Just as waging war in different geographies requires different tactics, each city is different and requires a different approach to overcome its defenses. Moreover, experts stress that the siege art of Assyria portrays the moment of assault as an idealized tableau rather than an accurate history of a particular event. The real siege of Kaprabu did not look like this, nor did it end like this. We can only glean a sense of how the Assyrians conducted their sieges generally.
As we can see in the relief, towers provided platforms for archers to suppress resistance on the walls while the battering ram worked. In the above panel, the Dalek-like ram is demolishing a defensive tower in order to make the wall itself defenseless against sappers.
Although the Assyrians did destroy some cities, populations were generally incorporated into the empire. It was better to have a productive, tribute-paying city under their thumb than a useless ruin.
A set of rules had already emerged in Sumerian times that allowed cities to capitulate at any stage of a siege, though on less favorable terms the longer it went on. Put another way, the price of submission — in blood and treasure — continued to rise as long as the siege progressed. Hezekiah could have submitted on better terms, earlier, with less damage inflicted on Judah.
From the perspective of the besieger, this makes sense. Camp plague was just one of the risks that made sieges so expensive. From their records, we can tease out a more nuanced picture. Nadali writes that “the Assyrians were particularly well-trained in managing these kinds of military operations—which often resulted in limited casualties, on one hand, and a collection of goods that could be pillaged from the conquered enemies’ centres, on the other.”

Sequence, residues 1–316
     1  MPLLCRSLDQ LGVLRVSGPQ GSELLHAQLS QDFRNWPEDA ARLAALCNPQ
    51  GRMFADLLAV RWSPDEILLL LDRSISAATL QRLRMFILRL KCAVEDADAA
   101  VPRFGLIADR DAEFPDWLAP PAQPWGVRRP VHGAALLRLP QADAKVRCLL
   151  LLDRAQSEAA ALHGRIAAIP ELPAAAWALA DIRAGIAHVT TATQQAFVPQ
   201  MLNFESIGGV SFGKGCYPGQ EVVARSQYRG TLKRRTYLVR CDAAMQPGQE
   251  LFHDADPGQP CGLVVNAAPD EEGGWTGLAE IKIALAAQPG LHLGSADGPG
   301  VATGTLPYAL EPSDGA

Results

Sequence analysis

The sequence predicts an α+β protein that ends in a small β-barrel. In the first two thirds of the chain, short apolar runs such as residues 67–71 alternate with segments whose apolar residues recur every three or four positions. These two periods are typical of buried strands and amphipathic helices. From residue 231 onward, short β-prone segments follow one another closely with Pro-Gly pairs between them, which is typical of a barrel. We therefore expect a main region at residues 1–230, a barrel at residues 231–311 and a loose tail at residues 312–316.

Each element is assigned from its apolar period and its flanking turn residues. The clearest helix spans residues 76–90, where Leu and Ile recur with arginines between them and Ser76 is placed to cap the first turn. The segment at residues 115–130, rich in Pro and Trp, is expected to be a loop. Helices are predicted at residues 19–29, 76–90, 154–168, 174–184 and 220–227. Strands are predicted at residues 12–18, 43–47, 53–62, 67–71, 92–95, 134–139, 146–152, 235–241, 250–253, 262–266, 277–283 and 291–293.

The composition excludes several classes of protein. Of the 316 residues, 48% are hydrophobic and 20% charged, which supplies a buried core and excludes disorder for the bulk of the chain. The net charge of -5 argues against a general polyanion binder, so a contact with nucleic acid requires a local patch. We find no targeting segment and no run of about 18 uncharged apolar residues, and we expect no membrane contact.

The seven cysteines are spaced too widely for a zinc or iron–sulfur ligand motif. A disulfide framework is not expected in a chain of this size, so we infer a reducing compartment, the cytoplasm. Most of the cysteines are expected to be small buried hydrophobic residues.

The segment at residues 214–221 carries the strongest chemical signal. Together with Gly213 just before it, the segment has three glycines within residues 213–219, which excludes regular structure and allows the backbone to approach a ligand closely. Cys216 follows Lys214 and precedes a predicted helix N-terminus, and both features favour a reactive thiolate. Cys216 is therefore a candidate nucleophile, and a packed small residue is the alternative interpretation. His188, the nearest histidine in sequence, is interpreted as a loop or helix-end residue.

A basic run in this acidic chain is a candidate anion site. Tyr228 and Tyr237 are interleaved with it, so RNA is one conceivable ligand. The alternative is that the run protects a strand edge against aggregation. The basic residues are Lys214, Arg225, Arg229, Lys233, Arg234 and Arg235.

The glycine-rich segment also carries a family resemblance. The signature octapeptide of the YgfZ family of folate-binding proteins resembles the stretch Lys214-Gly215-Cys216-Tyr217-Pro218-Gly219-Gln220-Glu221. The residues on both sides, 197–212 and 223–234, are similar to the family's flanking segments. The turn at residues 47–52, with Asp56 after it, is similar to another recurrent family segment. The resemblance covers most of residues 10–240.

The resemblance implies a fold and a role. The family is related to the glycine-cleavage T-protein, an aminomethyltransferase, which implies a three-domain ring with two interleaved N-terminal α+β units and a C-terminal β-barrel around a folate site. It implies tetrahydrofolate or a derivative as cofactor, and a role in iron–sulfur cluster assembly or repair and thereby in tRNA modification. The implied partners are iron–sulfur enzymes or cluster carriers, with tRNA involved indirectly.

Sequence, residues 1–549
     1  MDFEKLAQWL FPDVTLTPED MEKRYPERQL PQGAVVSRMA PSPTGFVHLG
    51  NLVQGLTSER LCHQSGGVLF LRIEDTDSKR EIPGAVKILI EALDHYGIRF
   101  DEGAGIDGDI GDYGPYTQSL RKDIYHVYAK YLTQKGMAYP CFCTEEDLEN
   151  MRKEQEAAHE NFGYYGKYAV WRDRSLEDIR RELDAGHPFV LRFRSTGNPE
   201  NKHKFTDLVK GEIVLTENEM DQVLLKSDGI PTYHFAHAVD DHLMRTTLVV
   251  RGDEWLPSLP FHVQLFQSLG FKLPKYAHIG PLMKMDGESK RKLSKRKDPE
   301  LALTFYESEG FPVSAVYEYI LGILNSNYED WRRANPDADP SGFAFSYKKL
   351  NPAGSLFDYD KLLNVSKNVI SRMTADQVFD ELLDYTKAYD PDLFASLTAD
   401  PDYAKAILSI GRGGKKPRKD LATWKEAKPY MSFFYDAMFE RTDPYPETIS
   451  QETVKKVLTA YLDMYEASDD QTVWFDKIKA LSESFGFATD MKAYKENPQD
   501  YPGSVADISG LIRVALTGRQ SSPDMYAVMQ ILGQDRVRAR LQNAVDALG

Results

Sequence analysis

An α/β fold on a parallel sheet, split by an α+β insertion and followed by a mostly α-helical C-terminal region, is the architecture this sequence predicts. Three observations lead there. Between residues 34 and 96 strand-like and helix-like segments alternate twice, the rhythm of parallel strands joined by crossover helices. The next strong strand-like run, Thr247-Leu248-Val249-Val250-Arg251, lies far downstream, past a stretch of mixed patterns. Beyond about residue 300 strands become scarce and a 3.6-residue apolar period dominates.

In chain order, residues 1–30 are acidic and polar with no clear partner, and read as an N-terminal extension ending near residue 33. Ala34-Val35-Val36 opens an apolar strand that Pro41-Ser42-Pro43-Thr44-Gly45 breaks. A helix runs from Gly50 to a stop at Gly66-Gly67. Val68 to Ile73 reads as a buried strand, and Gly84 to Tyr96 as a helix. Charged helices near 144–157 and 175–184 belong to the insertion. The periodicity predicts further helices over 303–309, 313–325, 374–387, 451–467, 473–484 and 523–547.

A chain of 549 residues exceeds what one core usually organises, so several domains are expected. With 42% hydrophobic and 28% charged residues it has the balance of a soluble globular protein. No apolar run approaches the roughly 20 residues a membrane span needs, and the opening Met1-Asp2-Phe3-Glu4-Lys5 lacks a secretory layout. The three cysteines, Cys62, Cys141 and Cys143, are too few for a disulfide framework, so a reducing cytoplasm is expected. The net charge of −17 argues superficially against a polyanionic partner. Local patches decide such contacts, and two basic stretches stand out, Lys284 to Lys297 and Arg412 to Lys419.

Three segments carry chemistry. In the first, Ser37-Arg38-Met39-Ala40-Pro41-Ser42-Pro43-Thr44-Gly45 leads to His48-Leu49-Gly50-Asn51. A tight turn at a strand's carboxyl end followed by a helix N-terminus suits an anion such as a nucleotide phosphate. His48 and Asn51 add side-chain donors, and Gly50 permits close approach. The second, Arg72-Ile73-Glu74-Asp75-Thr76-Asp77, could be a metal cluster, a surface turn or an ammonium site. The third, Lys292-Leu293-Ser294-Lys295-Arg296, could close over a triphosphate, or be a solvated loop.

Indeed, the representations of sieges on the walls of the Assyrian palaces, from the ninth to the seventh centuries BC, precisely reflect the preference Assyrians granted to sieges and blockades. However, at the same time, it has also been shown that a careful and analytical reading of the Assyrian sources, starting particularly from the letters of the officials that were in the field or ruling the region where the Assyrian army was operating, reveal that even sieges were not always successful.
When they were determined enough, no defenses would be strong enough to stop the Assyrians. Their two sieges of Babylon lasted 15 and 22 months respectively, consuming the entire imperial bureaucracy and everything it could provide. Yet they did not destroy Babylon, for its value lay in having, not erasing.
The name of King Akhuni survives to us because he submitted to Assyria and paid tribute again, resuming Bit Adini’s subordination to Assur as inscribed on court records. They also say that Ashurnasirpal II “defeated and confined” Akhuni in his fortress first. Then, with other cities to sack, he crossed the Euphrates and entered the lands of Hatti.
Reading between the lines, it seems that a renegotiation of the original hierarchical relationship is what really took place at Kaprabu. As the events loosely match those recorded in the bible, we are left to wonder if this was not the norm.
When Assyrian records boast of cities destroyed and then their leaders resuming tribute to Assur, the destruction must be more figurative than literal, or else it is a reference to the slighting and reduction of city walls to prevent future rebellion.
Leaders fight over hierarchies and resent humiliations by one another all the time. Unfair systems of exchange create enmity. We are used to thinking of Assyrians as bloodthirsty, and they could be, yet this reputation is overblown. They preferred siege because it turned a war into a haggling session at the souk. The final result depended on how both leaders managed risks.
Even if their cosmology was offended, villains from outer space were not necessary to salve the pride of Assur. Apologies, money, and perhaps some hostages were usually enough.